The Sonata No.1 is surely one of Geoff ’s finest works. Cast in two movements, it is an intensely passionate narrative. Always steeped in his musical inheritance and the example of composers he loves, Cummings-Knight casts the second movement in the form of a set of “diversions” on the medieval hymn Pange Lingua, paying direct tribute to the Franco-Flemish Renaissance composer Josquin des Prez. The theme itself is stated at the end of the movement, close on the heels of a set of elaborate and imaginative diversions upon it – including a sultry Spanish seguidilla and a homage to Monteverdi. The excitable first movement, with its fiery outbursts and impassioned lyricism, makes subtle reference to the Sonata’s second movement as well, giving the whole work dramatic cohesion. Storm clouds gather, erupt and disperse throughout this richly-contoured and big-boned piece, leaving the majestic Pange lingua theme to have the final word.

The three Russian Tableaux, written in 1970, are Geoff ’s earliest mature piano works. Inspired by Geoff’s frequent visits to the USSR, they were premiered in Arundel, West Sussex, by the legendary Yorkshire-born pianist Philip Challis, who was a great champion of Cummings-Knight’s music. Challis also broadcast two of them from London on BBC Radio 3’s Matinee Musicale in May 1984. For this recording I have chosen the first two. Snowfall in Suzdal recalls the city of Suzdal, one of Russia’s most historic towns. Sixteen miles north of the city of Vladimir, in the 12th century Suzdal was the capital of the principality of Rostov-Suzdal, with neighbouring Moscow merely a satellite village. Suzdal remains a charming town with fine medieval architecture and an agreeably pastoral location, and Cummings-Knight’s portrayal is a deliciously energised and breezy piece. Kolomenskoe on a cloudy day depicts the grand palace at Kolomenskoye, south-east of central Moscow, the preferred residence of Tsar Alexis I which was demolished and rebuilt by Catherine the Great in 1768. It was in the earlier, wooden palace at Kolomenskoye that Peter the Great spent much of his childhood, and the ornate, intricate and opulent structure was widely famed. Cummings-Knight’s tone picture is atmospheric and expansive.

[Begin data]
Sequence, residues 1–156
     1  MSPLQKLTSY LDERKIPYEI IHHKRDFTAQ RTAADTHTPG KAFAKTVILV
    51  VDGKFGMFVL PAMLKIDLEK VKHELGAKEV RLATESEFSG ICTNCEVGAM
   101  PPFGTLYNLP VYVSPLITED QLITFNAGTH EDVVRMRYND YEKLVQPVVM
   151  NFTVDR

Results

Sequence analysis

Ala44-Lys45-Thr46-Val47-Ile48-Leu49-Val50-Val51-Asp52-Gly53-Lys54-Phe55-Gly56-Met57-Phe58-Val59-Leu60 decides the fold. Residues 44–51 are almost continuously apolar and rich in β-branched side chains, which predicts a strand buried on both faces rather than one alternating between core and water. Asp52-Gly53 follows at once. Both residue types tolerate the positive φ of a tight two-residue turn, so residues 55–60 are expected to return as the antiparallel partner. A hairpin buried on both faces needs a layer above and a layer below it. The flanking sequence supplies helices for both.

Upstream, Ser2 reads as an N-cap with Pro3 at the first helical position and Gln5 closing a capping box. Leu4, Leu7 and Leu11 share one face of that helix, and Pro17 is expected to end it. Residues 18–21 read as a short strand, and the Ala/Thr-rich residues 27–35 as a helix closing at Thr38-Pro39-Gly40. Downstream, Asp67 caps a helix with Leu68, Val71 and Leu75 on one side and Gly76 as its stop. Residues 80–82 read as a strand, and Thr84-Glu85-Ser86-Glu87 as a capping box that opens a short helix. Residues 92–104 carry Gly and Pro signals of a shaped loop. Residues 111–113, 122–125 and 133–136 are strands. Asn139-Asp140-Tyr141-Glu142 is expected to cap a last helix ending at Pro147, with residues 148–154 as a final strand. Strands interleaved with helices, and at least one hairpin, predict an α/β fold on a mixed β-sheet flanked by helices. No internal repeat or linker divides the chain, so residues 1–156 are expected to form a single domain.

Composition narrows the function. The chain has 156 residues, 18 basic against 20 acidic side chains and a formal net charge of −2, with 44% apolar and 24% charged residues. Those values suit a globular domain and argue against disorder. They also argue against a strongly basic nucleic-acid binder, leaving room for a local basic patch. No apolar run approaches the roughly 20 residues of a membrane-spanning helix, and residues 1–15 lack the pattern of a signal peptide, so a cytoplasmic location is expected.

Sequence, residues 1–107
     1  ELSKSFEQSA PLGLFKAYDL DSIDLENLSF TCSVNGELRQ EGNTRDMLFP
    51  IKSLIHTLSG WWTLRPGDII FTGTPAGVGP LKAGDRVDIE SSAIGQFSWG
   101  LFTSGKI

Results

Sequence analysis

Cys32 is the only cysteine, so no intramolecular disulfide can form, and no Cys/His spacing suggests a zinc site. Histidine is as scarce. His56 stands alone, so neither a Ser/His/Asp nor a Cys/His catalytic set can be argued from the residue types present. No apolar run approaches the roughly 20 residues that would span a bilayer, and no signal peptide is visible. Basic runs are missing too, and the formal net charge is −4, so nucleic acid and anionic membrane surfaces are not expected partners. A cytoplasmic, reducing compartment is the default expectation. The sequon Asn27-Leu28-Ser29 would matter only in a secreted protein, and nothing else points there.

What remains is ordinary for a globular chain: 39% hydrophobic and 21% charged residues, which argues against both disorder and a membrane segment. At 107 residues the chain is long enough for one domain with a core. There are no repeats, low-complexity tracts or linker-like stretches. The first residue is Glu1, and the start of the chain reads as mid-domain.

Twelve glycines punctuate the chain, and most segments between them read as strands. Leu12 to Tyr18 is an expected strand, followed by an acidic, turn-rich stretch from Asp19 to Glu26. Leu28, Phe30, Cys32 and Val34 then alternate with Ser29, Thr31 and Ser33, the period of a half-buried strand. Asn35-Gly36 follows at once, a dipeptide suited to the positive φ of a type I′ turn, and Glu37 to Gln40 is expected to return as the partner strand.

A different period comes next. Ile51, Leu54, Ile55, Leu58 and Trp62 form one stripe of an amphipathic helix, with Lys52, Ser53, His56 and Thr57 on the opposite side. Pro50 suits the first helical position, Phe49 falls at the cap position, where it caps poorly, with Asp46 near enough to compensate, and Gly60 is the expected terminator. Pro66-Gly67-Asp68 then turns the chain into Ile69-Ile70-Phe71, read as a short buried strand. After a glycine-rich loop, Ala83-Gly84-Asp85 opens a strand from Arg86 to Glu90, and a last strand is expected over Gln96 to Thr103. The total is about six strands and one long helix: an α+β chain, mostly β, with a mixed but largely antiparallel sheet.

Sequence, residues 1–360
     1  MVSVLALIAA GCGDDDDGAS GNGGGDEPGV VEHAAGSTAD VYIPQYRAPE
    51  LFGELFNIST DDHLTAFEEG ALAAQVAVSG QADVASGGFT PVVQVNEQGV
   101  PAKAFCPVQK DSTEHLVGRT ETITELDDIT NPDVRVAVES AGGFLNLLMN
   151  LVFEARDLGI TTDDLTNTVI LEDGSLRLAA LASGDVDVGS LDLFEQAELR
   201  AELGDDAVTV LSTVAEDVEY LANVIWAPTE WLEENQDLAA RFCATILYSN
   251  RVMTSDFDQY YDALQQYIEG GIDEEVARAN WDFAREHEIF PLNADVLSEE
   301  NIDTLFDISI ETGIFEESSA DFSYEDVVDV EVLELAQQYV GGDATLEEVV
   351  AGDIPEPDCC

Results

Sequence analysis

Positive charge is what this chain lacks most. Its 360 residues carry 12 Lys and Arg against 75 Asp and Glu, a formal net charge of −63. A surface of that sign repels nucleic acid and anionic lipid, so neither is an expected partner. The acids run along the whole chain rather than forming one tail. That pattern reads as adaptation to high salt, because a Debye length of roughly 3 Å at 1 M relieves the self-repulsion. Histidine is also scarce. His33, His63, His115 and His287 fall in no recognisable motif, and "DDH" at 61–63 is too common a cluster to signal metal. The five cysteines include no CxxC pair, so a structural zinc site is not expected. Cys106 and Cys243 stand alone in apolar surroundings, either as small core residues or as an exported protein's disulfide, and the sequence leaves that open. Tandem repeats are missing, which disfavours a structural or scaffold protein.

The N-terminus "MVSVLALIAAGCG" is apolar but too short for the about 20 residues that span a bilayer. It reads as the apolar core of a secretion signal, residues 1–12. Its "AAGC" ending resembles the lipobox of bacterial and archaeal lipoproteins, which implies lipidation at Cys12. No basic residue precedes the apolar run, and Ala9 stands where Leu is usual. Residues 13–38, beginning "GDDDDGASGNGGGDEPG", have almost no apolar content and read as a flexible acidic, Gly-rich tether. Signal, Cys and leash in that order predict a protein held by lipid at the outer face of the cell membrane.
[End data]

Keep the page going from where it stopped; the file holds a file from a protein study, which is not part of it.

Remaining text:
Geoff’s 24 Preludes were premiered by Michael Jones, at the lamented British Music Information Centre in London’s Stratford Place on 29th October 1991. The complete cycle was given a second performance in November 1991 at St Agnes Church, Moseley, Birmingham. The set is ambitious and traverses a wide emotional and colouristic landscape. Published (by Roberton Publications) in 1987, many of the Preludes were subsequently revised and I play the later versions on the present recording. In the first edition, the Roberton directors made the unusually bold statement that “we present (the Preludes) in the confidence that the music will be widely played and enjoyed for many years to come.” Such is the immediate appeal and impact of this vibrant music. Drenched in chromatic ambiguity and leavened by rhythmic vitality and contrapuntal ingenuity, the E major Mahlerian Adagio is especially visionary in its long-breathed climactic ascents.

Geoff Cummings-Knight’s Ballade is a piece of warm sensuality and autumnal poetry, its outer improvisatory meanderings framing a central section of turbulent energy. It is dedicated to Michael Jones, who gave the first performance at an internal concert in the Birmingham School of Music’s Recital Hall in 1974, followed by the public premiere at Peterborough Cathedral in 1975. It takes as its point of reference John Keats’s famous poem To Autumn; fittingly, the lyrical writing glows with contented ardour.”

Notes Copyright 2019 Duncan Honeybourne